For the 1902–03 season the Skating Club recruited Toronto native forward George Harmon to their ranks, and Harmon went on to lead the team in scoring with 8 goals in 7 games. Harmon had a friend from his high school years in Toronto also living in New York at the time, named Walter Huston. Harmon convinced Huston to try out with the club, and the 19-year old youngster got into a league game on January 7, 1903 as a defenseman, with the Skating Club losing 2 goals to 10 against the New York Hockey Club.[4] Huston didn’t appear in any other league game with the Skating Club, but instead went on with his promising acting career.[5] He is better known today as the patriarch of the famous Huston acting family – including his son John Huston and granddaughter Anjelica Huston – than he is as a hockey player.

    [​IMG]
    1903–04 team​

    Tom “Attie” Howard took helm of the Brooklyn Skating Club for the 1905–06 season, as a playing manager. Howard was a former Stanley Cup champion with the Winnipeg Victorias in 1896, and between 1899 and 1905 he had been a member of the New York Athletic Club and the New York Wanderers in the AAHL. The Brooklyn Skating Club had been a non-factor in the league, either at the mid-range or at the very bottom of the standing, ever since its old Canadian core had left for the Brooklyn Crescents prior to the 1899–1900 season. Howard attempted to change the course of the team, and make it competitive again, by recruiting a number of new Canadian players, among them Horace Gaul of the Ottawa Hockey Club. He also tried to recruit Frank “Pud” Glass of the Montreal Wanderers and Ernie “Moose” Johnson of the Montreal Hockey Club.

    Horace Gaul got into one league game for the Skating Club – a decisive 0-6 loss to the Brooklyn Crescents on December 20, 1905 – but the league’s rules committee went down hard on the Skating Club, barring all of the Canadian imports on ground of its Clause 9 resident rule. The rule stated that a player had to be a member of the team for at least 30 days before being eligible to represent it.[6] Tom Howard was also cautioned against by the league committee for using abusive language on the ice during the December 20 game against the Brooklyn Crescents. The whole transfer imbroglio ended with the Skating Club departing from the league after playing only two games of the 1905–06 league schedule, and the team effectively ceased its operations.

    With the Brooklyn Skating Club out of the picture hockey as a sport also vanished from Brooklyn ice for over a decade, since the Brooklyn Crescents moved over to the St. Nicholas Skating Rink. In 1916–17, the last season of the AAHL, the Crescents finally moved back to Brooklyn and into the newly opened Brooklyn Ice Palace at the corner of Atlantic Avenue and Bedford Avenue.


    Sources:

    [1] Spalding’s Ice Hockey and Ice Polo Guide (1898) by J. A. Tuthill (ed.)
    [2] Brooklyn Daily Eagle, Nov. 20, 1932
    [3] Brooklyn Daily Eagle, Jan. 18, 1901
    [4] Brooklyn Daily Eagle, Jan. 8, 1903
    [5] September Song: An Intimate Biography of Walter Huston (1998) by John Weld
    [6] New York Times, Jan. 1, 1906


    Posted on Behind the Boards (SIHR Blog)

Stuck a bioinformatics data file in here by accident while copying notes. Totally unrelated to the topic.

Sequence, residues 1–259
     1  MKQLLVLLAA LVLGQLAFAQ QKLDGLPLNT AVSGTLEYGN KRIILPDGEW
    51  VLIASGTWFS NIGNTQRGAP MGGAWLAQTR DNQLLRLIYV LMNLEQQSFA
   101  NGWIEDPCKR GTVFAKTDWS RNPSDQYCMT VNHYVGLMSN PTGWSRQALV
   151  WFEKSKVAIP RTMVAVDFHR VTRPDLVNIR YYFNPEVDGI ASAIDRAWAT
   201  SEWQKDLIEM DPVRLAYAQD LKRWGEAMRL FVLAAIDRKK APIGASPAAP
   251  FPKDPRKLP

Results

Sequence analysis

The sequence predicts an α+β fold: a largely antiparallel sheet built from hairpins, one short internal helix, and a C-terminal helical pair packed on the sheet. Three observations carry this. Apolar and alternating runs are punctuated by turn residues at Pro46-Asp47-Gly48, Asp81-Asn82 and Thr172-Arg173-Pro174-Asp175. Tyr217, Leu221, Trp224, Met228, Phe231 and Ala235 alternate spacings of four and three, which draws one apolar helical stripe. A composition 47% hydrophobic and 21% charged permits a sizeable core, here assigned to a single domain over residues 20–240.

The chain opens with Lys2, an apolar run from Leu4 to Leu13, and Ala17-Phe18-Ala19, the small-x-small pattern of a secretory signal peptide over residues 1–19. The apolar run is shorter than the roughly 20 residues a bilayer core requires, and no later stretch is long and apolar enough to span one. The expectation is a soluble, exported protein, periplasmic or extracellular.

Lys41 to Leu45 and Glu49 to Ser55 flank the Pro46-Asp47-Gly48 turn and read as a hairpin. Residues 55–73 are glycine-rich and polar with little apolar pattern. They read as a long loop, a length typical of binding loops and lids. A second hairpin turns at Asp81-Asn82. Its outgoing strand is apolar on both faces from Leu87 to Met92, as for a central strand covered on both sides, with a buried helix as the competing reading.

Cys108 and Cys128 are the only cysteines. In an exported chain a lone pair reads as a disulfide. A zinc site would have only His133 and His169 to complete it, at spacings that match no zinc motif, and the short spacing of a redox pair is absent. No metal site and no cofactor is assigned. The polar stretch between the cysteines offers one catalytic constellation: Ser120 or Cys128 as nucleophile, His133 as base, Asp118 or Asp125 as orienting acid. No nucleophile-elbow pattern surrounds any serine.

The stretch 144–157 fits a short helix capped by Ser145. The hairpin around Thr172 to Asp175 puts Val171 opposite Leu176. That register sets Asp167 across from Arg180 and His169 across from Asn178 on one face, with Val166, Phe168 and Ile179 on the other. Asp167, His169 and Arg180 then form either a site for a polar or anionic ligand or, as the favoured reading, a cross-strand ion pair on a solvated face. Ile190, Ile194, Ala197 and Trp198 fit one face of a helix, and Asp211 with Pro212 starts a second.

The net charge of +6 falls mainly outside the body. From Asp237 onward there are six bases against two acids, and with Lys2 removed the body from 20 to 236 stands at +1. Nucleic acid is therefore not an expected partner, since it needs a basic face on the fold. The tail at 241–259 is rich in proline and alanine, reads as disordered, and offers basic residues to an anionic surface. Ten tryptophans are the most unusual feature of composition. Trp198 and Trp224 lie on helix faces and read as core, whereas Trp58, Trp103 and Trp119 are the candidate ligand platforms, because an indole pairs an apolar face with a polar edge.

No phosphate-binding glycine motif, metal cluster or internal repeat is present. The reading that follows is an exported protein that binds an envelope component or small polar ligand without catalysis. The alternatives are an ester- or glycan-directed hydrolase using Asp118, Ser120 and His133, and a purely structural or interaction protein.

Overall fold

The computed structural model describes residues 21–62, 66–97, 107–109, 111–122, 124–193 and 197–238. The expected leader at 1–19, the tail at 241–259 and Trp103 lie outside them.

2. Theokritos Global Moderator

    Joined:
    Apr 6, 2010
    Messages:
    11,336
    Likes Received:
    3,281
    Trophy Points:
    206
    SB Cash:
    $ 50,000
    Terrific write-up.

    Was the American Amateur Hockey League the pre-eminent amateur league in the USA during the time of its existence or were there contenders? I do know that there that very early professional or semi-professional league in Pittsburgh circa 1900.
     
    Last edited: Jan 13, 2021
  3. sr edler whom

    Joined:
    Mar 20, 2010
    Messages:
    9,848
    Likes Received:
    3,924
    Trophy Points:
    176
    SB Cash:
    $ 50,000
    It was New York and Pittsburgh. The Pittsburgh league, as you pointed out, became semi-professional relatively fast (around 1903 or 1904), and it also didn't run for as many years. WPHL ran for just 9 seasons, with a gap in-between 1903–1904 and 1907–08. AAHL ran for 20 consecutive years and only ceased when WW1 became too much of a presence. AAHL drew some nice players – like Tom Howard, the Cleghorn brothers, and Hobey Baker – but they were really strict on the amateur & resident rules. So yes, in the States it became the pre-eminent amateur league for the first little while there (two decades). Although the farm systems were a lot on the intercollegiate Ivy League scene.
     
  4. Theokritos Global Moderator

    Joined:
    Apr 6, 2010
    Messages:
    11,336
    Likes Received:
    3,281
    Trophy Points:
    206
    SB Cash:
    $ 50,000
    Were there any head-to-head comparisons between the AAHL and Canadian clubs during the time the league existed?
     
  5. sr edler whom

    Joined:
    Mar 20, 2010
    Messages:
    9,848
    Likes Received:
    3,924
    Trophy Points:
    176
    SB Cash:
    $ 50,000
    Ya, the St. Nicholas Skating Rink was quite a popular destination for amateur Canadian teams over the years there, during the 00s and 10s. I don't have a complete list at hand at the moment, but I know for a fact the best teams in the AAHL (most often Brooklyn Crescents or the New York Athletic Club) could compete on relatively even terms with the "worst best" (so to speak) Canadian amateur teams, which was most often the Montreal Victorias with Russell Bowie (& Blair Russel). The Victorias visiting New York was a quite recurring theme, but other Canadian teams such as the Univ. of Toronto team also came down on occasion, and the Ottawa Cliffsides (with Punch Broadbent). Univ. of Toronto team was really impressing with Herb Clarke (brief NHA player and good NHA scorer before he retired very early) as the standout player.